Juraj Julije Klović (born in Grižane, Dalmatia 1498, died in Rome 1578), known worldwide as Giulio Clovio, was possibly the greatest miniature painter of his time.
Klović was one of the most illustrious Croats. The renowned Giorgio Vasari, the first art critic of the modern world, considered Klović to be the greatest miniaturist of the time and included him within his famed artists' biographies (second edition, 1568).
El Greco, a celebrated Greek artist from Spain, who painted with crepuscular and mystical atmospheres, painted a portrait of Klović and enlisted him as one of the four painters whom he himself considered as his teachers—side by side with Michelangelo, Tizian and Raphael. Juraj Julije Klović was also known as Michelangelo of the miniature. Codexes with his miniatures became famous primarily due to his skilled illustrations. He was curiously persuasive in transferring the entire multilayered look that was present in the famous pictures of the Italian high Renaissance into the miniature format.
Some books illustrated by him are kept in large libraries, such as the Vatican Library in Rome, as well as in London, Vienna, New York, Munich, and Paris, while other figures are parts of many private collections. A small part of his work is viewable in Klovićevi Dvori ("Palace of Klović"), the art gallery dedicated to him in Zagreb.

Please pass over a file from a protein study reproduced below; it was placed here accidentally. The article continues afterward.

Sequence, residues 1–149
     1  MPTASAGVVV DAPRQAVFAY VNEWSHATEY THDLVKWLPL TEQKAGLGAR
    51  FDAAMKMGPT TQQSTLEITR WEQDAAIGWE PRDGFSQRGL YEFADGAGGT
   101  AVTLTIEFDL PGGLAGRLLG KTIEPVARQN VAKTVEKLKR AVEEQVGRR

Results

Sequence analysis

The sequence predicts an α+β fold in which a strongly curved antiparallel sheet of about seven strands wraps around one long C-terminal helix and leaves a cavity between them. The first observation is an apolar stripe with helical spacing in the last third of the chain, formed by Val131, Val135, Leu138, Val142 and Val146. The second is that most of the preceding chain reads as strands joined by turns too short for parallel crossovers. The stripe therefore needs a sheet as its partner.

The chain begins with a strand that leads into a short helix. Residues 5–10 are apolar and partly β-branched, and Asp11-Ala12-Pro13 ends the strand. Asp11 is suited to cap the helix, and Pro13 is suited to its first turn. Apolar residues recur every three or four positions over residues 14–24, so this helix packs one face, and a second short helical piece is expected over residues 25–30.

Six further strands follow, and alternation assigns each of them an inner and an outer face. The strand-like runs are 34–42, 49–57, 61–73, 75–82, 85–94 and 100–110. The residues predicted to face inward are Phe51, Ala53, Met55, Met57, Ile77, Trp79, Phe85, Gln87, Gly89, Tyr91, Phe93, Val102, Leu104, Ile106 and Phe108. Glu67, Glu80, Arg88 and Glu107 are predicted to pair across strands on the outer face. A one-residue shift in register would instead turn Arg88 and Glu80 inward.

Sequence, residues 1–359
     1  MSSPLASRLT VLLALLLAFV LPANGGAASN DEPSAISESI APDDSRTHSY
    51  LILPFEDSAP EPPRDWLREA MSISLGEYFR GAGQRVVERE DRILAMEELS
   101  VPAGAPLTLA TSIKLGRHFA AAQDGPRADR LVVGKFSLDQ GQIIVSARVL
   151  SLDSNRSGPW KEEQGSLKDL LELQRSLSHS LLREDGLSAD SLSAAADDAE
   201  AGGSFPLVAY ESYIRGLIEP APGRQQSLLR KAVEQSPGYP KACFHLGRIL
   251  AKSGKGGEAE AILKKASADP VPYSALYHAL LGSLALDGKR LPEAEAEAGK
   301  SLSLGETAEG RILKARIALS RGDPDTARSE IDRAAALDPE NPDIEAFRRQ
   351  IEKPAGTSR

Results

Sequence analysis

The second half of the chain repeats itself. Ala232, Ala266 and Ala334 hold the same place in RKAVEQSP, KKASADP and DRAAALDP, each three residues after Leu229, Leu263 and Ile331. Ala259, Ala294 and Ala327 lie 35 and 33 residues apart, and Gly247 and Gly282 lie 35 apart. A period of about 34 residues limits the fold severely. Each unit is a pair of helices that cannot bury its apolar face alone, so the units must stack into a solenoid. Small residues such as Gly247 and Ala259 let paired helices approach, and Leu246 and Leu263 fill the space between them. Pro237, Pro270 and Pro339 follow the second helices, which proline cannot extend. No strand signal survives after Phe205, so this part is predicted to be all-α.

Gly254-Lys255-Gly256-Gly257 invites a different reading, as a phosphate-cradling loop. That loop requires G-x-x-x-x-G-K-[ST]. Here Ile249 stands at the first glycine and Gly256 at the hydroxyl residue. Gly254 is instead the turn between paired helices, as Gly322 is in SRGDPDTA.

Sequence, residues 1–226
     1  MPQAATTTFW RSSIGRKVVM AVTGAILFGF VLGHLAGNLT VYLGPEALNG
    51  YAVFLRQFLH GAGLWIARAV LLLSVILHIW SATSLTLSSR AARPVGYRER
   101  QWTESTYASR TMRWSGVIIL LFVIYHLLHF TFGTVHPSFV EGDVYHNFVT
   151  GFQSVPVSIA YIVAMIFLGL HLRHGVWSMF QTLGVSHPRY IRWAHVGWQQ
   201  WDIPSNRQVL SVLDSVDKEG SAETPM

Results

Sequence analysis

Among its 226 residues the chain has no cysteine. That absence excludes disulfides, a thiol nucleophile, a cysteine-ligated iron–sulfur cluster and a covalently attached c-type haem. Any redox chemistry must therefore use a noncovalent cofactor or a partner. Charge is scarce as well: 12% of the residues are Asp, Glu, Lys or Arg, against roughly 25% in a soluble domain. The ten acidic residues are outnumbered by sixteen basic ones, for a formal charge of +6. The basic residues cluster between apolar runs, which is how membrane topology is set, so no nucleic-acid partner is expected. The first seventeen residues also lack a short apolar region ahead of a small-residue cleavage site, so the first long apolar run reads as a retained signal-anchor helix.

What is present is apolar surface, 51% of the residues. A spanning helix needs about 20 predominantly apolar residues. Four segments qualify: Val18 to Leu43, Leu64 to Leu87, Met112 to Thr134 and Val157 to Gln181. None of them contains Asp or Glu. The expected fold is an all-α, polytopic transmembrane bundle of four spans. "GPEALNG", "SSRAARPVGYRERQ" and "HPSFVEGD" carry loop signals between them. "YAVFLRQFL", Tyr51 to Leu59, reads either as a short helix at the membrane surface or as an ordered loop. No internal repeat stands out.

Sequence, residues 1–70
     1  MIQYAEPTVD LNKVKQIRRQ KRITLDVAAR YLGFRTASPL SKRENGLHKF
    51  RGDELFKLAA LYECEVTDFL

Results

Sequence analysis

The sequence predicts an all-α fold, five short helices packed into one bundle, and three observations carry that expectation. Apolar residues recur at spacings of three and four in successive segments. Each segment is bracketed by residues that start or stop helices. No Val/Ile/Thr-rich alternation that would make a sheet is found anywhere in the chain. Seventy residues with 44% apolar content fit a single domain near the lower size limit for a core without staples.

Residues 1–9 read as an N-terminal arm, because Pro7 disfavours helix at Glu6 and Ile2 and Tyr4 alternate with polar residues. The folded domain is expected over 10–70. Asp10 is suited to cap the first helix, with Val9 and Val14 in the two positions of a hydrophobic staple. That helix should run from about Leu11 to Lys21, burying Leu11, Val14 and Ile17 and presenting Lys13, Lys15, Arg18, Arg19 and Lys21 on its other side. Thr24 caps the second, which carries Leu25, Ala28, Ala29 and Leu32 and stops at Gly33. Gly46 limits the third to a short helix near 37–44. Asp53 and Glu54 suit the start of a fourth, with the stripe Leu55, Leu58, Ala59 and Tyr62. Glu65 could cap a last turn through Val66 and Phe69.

He worked in Venice , Florence and elsewhere, with a long active period in Rome. His grave is in the Church of San Pietro in Vincola, the same church that keeps celebrated Michelangelo's Moses. Under Klović's bust, beside his name, is written the name of his homeland, which he always emphasized: Julio Clovio de Croatia.
- Klovicevi Dvori Gallery (http://www.galerijaklovic.hr/)
- Juraj Julije Klović - In German (http://www.vinodol.de/kunst.htm)
- Juraj Julije Klović Comemorative Coins-in English (http://www.hnb.hr/numiz/zla-sre/klovic/eklovic.htm)
- Croatian Museums & galleries (http://vlmp.museophile.com/croatia.html)